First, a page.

Tshepo Mahloele, new owner of the Sunday Times, Business Day, Financial Mail and Sowetan, says the editorial independence of these titles will be “sacrosanct”.
The current publisher of the titles, Tiso Blackstar, has announced their sale to Lebashe Investment Group for R1.05 billion.
“We will support independent journalism to the hilt. That you can hold us to,” says Mahloele, 52, the chair of Lebashe.
“When you have great editors you let them run with the product. As shareholders it is not our intention to interfere with that.”
With advertising income and readership declining and digital subscription models struggling to achieve profitability, the local media space is not for the faint-hearted.
This raises questions about Mahloele’s motives, particularly given his political connections.
“It’s business. We’re not doing this in support of any political ticket. We think great brands, with great content, is the way to go for the future,” he says.
Plus, he believes a strong media is “integral in helping lead South Africa to a better dispensation. Anybody worth anything knows that.”
The deal includes Tiso Blackstar’s extensive media, broadcast and content businesses in Sub-Saharan Africa, which will complement Lebashe’s other businesses and offer the chance of creating a pan-African media platform.
“We’ve been looking for what makes sense in terms of what we have in our portfolio and for what is well priced. We’ve been looking at this space for a while.”
Lebashe has significant investments in financial services through Capitec, and technology through EOH.
About four years ago, a friend from the US told Mahloele “the next big thing is content”, and this got him thinking.
“How do people consume content? Through great brands in the media space. The Sunday Times has over 100 years of heritage. It’s a great brand. It’s got a lot of content. It’s got a past we can use and work with and develop.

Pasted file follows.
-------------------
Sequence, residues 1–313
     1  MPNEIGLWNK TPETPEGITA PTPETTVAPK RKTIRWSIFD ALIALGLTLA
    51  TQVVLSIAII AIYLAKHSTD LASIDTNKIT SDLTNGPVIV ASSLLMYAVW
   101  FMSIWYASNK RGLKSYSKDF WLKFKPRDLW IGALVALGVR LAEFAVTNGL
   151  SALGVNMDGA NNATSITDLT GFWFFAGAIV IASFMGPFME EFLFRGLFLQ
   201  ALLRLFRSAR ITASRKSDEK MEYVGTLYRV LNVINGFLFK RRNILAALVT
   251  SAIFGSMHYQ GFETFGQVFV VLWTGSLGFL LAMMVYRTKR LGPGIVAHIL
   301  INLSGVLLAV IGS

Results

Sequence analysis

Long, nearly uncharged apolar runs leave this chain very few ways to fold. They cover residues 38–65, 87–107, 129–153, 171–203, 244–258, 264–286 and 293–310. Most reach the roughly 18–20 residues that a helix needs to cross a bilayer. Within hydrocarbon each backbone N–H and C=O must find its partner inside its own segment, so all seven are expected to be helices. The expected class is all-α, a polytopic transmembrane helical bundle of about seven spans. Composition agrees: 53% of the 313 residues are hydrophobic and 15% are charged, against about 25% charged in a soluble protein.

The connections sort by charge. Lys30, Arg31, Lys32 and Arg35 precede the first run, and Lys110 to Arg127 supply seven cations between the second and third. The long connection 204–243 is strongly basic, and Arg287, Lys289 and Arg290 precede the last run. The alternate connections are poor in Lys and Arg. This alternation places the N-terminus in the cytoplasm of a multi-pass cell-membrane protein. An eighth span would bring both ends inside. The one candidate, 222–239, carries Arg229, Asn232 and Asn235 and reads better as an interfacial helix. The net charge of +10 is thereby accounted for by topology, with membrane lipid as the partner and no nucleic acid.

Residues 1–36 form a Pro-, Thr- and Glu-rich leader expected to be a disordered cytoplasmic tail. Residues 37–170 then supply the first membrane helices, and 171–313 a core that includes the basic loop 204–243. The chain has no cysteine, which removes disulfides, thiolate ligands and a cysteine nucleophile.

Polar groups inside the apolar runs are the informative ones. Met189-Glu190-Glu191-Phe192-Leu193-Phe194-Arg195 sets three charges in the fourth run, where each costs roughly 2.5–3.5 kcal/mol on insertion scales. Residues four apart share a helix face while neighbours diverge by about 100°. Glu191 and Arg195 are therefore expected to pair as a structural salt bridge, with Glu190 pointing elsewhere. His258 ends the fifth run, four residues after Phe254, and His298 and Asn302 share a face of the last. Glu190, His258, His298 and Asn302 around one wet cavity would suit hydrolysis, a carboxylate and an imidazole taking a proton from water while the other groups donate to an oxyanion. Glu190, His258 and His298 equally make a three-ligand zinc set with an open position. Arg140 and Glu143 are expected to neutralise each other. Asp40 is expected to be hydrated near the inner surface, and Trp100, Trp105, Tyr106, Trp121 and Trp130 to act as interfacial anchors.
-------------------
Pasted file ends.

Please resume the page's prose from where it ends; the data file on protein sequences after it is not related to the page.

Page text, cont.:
“I love platforms, and this is a platform we can use to further our strategy.”
Bright future for media
He sees “a bright future for media in this country”; the big question being how it is consumed.
He doesn’t share the general gloom about print. “Everybody takes the view that print is going to fall off a cliff. It’s not going to happen. You still have the Financial Times and New York Times in print; developed markets like Europe and the US still have print.”
He’s not put off by the falling numbers or failure to make online subscription models profitable.
“You don’t come in when they’re profitable. You come in when everybody is running. We take the long-term view.”
He believes online models can be profitable “on the back of good, quality journalism and a product that people trust”, and cites the New York Times as an example.
“People are raving about it, but it had to go through bad times. You have to take a long-term approach, and we’re taking a long-term approach. Not just in South Africa but in Sub-Saharan Africa. Then you’re talking numbers. We’ve looked at this and we believe there should be an investment in journalism.”
He says he’ll make sure his titles are sustainable over the long term, “and that they ride this downturn”.
“I come from a private equity environment, but not your typical buy, gear up and then sell. No. An environment which says you invest in long-term assets.”